Shortness of Breath
If you are having any symptoms or have any questions, please call 811 to speak with a registered nurse 24 hours a day.
What is shortness of breath?
When you are short of breath, you may feel like you can’t get enough air or your chest may feel tight. Sometimes the feeling is worse when you are physically active or when you lie down flat. You may have other symptoms such as a cough, chest pains or a fever. If you are experiencing any of these problems, tell your healthcare provider.
CAUSES & RISK FACTORS
What could be causing my shortness of breath?
Shortness of breath can be caused by many things, including the following:
- Other lung diseases, including emphysema (say: “em-fa-see-ma”), which is a lung disease that is most often caused
- by smoking
- Heart failure
- Panic attacks
If you are short of breath with a cough and/or fever, you may have a chest infection or pneumonia (say: “new-moanyuh”).
Less common causes of breathing problems are lung cancer, a blood clot in the lungs, air leakage around the lungs and scarring of the lung tissue.
DIAGNOSIS & TESTS
What tests will my healthcare provider perform?
Your healthcare provider can help find the cause of your breathing problem by asking you questions about your symptoms and performing a physical exam. Your healthcare provider also may order some tests.
To find the cause of your shortness of breath, your healthcare provider may order a chest X-ray. They may also order an electrocardiogram (also called an ECG). During this test, your healthcare provider will have you lie down so your heart can be monitored. The ECG machine creates a picture, or tracing, that shows your heart’s electrical signals. You may need to have a computerized tomography (CT) scan, which is another type of X-ray. Your healthcare provider may measure the strength of your breathing (called a spirometer) and the oxygen level in your blood. You also may need to have a blood test.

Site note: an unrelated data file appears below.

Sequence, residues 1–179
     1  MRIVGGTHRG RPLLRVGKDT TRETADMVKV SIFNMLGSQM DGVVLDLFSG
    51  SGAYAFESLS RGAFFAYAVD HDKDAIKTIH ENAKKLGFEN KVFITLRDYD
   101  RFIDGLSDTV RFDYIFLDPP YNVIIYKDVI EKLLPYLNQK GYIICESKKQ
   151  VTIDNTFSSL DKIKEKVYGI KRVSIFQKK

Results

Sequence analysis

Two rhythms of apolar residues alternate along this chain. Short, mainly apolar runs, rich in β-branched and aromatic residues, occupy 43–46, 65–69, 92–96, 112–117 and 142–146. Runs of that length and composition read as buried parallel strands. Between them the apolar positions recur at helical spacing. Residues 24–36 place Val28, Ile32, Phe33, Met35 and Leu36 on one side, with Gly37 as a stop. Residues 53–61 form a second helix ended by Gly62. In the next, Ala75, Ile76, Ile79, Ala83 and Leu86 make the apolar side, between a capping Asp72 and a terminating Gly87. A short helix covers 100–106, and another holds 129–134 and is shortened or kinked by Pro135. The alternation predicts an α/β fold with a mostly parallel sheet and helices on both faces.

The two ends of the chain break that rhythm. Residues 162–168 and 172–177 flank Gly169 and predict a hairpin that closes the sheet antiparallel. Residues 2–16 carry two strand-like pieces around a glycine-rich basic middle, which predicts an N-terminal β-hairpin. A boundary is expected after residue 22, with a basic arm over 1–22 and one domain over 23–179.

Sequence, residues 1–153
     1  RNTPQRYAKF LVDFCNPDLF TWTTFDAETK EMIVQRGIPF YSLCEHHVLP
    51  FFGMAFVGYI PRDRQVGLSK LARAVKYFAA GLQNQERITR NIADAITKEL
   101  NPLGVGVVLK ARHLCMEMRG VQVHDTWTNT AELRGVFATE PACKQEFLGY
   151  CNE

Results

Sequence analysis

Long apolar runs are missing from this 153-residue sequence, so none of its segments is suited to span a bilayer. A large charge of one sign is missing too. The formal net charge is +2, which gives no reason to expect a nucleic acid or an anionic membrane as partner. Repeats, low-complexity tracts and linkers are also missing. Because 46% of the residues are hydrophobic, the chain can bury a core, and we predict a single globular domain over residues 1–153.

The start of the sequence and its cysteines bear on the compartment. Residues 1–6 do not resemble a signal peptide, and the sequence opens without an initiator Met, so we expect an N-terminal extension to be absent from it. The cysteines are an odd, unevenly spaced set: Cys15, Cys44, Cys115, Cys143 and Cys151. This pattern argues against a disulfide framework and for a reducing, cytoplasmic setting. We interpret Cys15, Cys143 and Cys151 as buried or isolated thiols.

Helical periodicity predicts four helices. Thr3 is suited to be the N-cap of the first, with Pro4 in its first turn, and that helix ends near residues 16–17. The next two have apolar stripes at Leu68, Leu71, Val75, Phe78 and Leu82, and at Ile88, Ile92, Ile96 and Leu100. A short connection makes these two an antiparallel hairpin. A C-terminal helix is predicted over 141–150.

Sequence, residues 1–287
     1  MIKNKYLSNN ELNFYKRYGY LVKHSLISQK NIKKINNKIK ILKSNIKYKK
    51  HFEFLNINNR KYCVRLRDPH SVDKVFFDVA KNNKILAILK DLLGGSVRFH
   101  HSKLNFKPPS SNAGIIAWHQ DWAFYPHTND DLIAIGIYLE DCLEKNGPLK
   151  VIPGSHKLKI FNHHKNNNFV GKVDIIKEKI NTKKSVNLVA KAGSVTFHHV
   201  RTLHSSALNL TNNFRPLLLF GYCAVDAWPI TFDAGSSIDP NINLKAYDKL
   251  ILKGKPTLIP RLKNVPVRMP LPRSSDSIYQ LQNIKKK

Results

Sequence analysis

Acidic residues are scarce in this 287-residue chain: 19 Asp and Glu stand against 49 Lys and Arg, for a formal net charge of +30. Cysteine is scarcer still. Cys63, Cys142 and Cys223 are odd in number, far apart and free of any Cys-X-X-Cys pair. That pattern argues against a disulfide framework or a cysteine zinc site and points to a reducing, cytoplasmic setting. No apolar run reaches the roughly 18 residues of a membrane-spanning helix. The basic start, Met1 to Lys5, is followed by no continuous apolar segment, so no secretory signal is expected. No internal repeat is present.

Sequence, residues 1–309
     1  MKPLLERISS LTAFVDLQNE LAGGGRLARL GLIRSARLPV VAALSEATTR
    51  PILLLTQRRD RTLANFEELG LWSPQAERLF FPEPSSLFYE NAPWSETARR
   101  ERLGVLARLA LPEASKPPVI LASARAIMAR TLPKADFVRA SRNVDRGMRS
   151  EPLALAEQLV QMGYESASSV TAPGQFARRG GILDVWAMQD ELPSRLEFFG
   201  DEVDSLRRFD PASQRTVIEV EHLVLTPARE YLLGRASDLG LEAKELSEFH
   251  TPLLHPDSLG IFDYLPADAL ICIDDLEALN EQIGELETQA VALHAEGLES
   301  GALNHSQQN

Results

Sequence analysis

What can I do to improve my breathing?
Your healthcare provider will treat the cause of your breathing problem. To help your treatment, if you smoke, you need to stop. Ask your healthcare provider for help. Also, avoid breathing chemicals that can bother your lungs, such as fumes from paint and car exhaust. If your healthcare provider says it’s okay, you should try to get plenty of exercise.
QUESTIONS TO ASK YOUR HEALTHCARE PROVIDER
- What is the likely cause of my shortness of breath?
- Do I need any tests to help determine the cause of my shortness of breath?
- Is shortness of breath a sign of a more serious problem?
- Is it safe for me to exercise? What kind of exercise can I do?
- Based on the cause of my shortness of breath, what’s the best treatment option?
- What lifestyle changes can I make at home to help relieve my symptoms?
Evaluation of Chronic Dyspnea by NG Karnani, GM Reisfield, GR Wilson (04/15/05, http://www.aafp.org/afp/20050415/1529.html)